Ernest was born in 1881, and he appears on the census for that year; his father John was an agricultural labourer, and his mother Sarah already had two baby daughters to look after. Ten years later John is still a labourer and the three children are at school. ten years further on, and Ernest is now working as a farm labourer, his father works on the roads, and his sisters have left home. Alice is living with her husband and baby daughter nearby, he works at the limeworks, and sister Annie is also married and living with her husband who is a cowman.  Ernest became a groundsman, and continued to live with his parents until he married Augusta in 1911, but after the census was taken that year.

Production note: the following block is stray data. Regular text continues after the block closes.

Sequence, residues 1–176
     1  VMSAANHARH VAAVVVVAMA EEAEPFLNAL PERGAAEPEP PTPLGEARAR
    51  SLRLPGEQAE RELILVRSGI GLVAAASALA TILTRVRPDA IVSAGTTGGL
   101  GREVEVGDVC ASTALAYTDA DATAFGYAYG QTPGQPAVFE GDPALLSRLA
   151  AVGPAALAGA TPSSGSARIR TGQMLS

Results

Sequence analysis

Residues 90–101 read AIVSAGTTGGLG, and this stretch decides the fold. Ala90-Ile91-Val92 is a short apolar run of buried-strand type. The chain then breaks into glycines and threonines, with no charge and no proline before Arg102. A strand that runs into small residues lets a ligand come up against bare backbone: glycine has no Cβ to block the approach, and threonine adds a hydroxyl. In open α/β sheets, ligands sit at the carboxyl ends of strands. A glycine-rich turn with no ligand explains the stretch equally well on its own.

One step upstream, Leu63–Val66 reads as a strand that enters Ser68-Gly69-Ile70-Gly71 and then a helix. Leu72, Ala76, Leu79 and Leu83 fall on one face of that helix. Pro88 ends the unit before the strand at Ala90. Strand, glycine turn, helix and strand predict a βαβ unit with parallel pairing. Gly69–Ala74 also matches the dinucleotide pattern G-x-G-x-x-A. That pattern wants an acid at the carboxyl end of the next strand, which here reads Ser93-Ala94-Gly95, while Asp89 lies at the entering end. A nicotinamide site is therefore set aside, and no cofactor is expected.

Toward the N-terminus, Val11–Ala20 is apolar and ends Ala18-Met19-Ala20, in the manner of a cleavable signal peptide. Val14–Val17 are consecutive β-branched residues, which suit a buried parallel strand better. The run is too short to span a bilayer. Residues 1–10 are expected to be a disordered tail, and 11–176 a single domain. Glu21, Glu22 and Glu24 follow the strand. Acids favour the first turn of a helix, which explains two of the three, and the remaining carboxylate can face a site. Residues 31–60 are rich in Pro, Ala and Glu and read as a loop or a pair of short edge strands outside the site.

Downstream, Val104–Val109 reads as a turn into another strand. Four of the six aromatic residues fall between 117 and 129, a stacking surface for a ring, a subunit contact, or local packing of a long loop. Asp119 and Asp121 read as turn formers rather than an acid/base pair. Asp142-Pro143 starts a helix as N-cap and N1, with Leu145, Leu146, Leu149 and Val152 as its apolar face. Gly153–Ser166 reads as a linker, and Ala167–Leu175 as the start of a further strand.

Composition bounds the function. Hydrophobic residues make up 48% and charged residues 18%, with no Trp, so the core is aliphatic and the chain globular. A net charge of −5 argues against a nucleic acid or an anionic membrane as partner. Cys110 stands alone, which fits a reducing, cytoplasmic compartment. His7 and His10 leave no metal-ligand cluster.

Augusta was born into a very different situation; her father, also named John, was a bricklayer. When she was born, before the 1891 census, many of her brothers and sisters were still living at home. William was an under gardener, George was a bricklayer’s labourer, Alice was a general domestic servant, and Edward, John Rufus, Alfred, Charlie and Amanda were all at school. No doubt the family, especially the mother, Emily, was quite relieved that  Ellen had left home, but sadly another son, also called John, had died. Ten years alter, there are still a lot of Browns living at home; George, Edward, John junior, Alfred, Charles, Amanda and Augusta. John is still a bricklayer, as were two of his sons, the others are a gardener, two were  labourers. In 1911 Augusta was working for two elderly rich gentlefolk, brother and sister, Mr and Miss Noy. Later that year she married Ernest.